There is an old saying that an intelligent family has an intelligent mother. Certainly, studies suggest that girls with literate mothers are more likely to go to school than girls without. It is believed that education can make all the difference to a girl’s life, not just economically, but for her human development as well.
But what happens when a girl is born in a country like Pakistan?
One of the hardest places in the world to be a woman. One of the most startling statistics found is that nine out of 10 women are illiterate. Not only do many women face death threats on their way to school, such as acid being thrown in their faces, but they are also forbidden to learn with boys, which makes finding an accessible school even harder.
In a male-dominated society like Pakistan where the cultural oppression of women is rife, One need more than just courageous to stand up for girls and women’s right ,and more importantly the basic right to education. I imagine it taking some kind of conviction and being rooted in what you believe in
I often find myself stuck with unanswered questions.
Why Girls? Why women?
It certainly is not just a problem uniquely Pakistani, women in countries like Afghanistan, Nepal, Cambodia, Chad and some parts of India to name just a few, to these women education remains a dream. I wish I could sit in this chair and say I grew up in a privileged society, where education was a norm but I didn’t. We still have a long way to go even in our beautiful rainbow nation.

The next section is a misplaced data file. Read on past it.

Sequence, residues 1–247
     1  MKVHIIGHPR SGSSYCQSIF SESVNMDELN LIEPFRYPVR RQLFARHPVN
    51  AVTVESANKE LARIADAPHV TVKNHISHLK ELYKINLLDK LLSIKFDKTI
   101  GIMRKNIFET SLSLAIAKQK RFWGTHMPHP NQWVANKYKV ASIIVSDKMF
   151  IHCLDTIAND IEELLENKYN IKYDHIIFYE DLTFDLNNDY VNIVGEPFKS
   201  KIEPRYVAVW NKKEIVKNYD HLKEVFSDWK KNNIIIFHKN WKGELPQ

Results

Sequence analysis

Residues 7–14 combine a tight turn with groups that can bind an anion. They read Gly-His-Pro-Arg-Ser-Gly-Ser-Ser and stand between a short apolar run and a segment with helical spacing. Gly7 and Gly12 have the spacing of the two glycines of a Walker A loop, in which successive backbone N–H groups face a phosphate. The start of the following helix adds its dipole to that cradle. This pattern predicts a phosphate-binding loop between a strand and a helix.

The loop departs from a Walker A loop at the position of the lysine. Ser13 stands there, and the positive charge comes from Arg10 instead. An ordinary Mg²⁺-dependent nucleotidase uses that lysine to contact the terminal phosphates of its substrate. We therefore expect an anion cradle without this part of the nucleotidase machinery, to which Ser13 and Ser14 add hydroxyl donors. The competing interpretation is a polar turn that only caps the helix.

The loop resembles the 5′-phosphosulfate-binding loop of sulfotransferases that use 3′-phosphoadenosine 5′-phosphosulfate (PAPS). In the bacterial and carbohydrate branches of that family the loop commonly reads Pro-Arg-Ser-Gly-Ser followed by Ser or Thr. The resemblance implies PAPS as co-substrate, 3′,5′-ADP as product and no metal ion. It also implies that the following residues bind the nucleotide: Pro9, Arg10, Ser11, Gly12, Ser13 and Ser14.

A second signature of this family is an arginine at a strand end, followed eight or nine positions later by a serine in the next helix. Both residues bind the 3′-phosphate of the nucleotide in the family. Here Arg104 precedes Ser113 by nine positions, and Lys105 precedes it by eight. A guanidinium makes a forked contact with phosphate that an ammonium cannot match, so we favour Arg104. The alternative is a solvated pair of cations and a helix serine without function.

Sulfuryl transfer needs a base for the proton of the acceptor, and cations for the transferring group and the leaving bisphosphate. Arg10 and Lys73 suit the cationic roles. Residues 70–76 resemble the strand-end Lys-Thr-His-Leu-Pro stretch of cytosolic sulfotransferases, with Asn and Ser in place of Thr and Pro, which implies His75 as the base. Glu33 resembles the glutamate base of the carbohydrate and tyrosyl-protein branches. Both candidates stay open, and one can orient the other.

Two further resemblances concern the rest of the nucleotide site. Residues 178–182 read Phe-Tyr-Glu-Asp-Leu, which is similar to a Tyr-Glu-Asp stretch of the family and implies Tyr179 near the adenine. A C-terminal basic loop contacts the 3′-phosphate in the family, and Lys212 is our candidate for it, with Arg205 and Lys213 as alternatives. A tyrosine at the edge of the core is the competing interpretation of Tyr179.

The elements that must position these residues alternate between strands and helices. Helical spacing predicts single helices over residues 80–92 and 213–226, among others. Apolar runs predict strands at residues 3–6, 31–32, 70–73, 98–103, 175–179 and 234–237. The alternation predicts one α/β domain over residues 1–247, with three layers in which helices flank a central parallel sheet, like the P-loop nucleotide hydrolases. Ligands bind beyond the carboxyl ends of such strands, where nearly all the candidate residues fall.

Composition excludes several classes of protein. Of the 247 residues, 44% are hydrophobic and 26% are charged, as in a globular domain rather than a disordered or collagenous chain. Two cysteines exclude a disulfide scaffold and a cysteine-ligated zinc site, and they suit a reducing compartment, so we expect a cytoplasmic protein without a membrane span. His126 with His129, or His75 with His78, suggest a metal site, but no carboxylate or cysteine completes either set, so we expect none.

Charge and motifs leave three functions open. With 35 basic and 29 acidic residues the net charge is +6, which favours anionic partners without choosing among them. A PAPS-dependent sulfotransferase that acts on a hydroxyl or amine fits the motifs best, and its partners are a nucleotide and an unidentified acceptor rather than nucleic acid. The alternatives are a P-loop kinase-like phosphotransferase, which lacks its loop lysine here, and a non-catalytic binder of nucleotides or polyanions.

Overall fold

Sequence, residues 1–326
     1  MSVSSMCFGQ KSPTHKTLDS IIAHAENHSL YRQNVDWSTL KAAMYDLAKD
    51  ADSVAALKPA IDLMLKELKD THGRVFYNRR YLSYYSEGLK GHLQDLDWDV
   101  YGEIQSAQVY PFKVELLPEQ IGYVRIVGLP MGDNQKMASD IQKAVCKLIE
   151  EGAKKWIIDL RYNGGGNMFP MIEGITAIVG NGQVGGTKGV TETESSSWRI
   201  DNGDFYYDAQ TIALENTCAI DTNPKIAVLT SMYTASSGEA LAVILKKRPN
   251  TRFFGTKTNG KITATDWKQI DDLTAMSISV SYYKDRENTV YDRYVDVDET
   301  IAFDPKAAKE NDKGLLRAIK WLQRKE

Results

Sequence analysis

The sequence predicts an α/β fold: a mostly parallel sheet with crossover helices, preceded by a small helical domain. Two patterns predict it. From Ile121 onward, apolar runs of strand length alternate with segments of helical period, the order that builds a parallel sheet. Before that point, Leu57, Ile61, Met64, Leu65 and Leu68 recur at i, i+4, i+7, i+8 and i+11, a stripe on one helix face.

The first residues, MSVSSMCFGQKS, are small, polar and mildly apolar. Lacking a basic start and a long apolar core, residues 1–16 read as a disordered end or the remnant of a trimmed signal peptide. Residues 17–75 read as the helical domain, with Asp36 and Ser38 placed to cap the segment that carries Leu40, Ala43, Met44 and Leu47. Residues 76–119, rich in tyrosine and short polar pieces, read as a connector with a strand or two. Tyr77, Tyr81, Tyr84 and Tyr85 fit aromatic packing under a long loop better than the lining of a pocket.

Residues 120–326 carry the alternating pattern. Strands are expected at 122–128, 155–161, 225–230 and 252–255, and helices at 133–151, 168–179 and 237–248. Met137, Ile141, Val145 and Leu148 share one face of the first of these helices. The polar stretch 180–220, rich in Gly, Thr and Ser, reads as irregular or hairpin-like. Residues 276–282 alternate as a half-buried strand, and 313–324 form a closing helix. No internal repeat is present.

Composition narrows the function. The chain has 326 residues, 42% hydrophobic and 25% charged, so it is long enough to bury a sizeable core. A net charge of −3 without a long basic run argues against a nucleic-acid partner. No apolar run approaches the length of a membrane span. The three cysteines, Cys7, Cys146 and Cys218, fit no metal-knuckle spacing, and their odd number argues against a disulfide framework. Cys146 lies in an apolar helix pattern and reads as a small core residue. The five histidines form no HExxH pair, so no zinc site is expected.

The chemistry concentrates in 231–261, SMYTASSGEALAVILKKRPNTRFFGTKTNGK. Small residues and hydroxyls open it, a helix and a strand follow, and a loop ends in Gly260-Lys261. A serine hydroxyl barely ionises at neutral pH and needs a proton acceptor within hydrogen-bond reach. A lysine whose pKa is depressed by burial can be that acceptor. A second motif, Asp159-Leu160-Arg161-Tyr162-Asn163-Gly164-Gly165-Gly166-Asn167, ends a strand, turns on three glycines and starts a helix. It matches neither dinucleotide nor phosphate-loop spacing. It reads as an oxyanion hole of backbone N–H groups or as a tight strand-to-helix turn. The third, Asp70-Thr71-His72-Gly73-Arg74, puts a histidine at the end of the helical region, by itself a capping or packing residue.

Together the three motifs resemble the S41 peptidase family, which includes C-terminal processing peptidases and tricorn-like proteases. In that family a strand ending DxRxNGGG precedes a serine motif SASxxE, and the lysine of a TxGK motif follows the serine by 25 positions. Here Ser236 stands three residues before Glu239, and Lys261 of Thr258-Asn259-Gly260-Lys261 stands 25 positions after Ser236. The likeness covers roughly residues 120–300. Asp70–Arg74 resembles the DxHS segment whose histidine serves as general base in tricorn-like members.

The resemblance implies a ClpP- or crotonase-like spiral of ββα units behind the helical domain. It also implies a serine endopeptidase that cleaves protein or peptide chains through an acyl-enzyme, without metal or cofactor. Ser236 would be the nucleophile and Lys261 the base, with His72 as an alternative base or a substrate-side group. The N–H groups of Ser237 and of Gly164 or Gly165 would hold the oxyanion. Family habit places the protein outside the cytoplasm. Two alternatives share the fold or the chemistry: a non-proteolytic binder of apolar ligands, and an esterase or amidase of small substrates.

Listening to Ziauddin Yousafzai Tedtalk over and over again, I could not help but, think that the world could do so much better with more men like Malala’s father. Every time I have dialog with male friends about such issues, all I get is ‘It’s not about to change, it has been like this since like forever.
Back to Malala’s father Tedtalk, I was deeply moved by this—-
“And there is one more norm of the patriarchal societies that is called obedience. A good girl is supposed to be very quiet, very humble and very submissive. It is the criteria. The role model good girl should be very quiet. She is supposed to be silent and she is supposed to accept the decisions of her father and mother and the decisions of elders, even if she does not like them. If she is married to a man she doesn’t like or if she is married to an old man, she has to accept, because she does not want to be dubbed as disobedient. If she is married very early, she has to accept. Otherwise, she will be called disobedient. And what happens at the end? In the words of a poetess, she is wedded, bedded, and then she gives birth to more sons and daughters. And it is the irony of the situation that this mother, she teaches the same lesson of obedience to her daughter and the same lesson of honor to her sons. And this vicious cycle goes on, goes on.
Ladies and gentlemen, this plight of millions of women could be changed if we think differently, if women and men think differently, if men and women in the tribal and patriarchal societies in the developing countries, if they can break a few norms of family and society, if they can abolish the discriminatory laws of the systems in their states, which go against the basic human rights of the women.”
Malala’s dad is a progressive man who understand the value of educating girls. For the status of girls and women to improve we need more men with a mindset like Ziauddins.It’s often men who execute the kind of change that we are forever advocating for, Such mindset can’t be unique it must be collective.
Maybe I am not asking the right questions, maybe the questions that we should be asking as women should start with a ‘How’
Maybe the How’s will open doors and lead to sustainable ways of finding solutions towards better communities where coexist will eventually be a norm.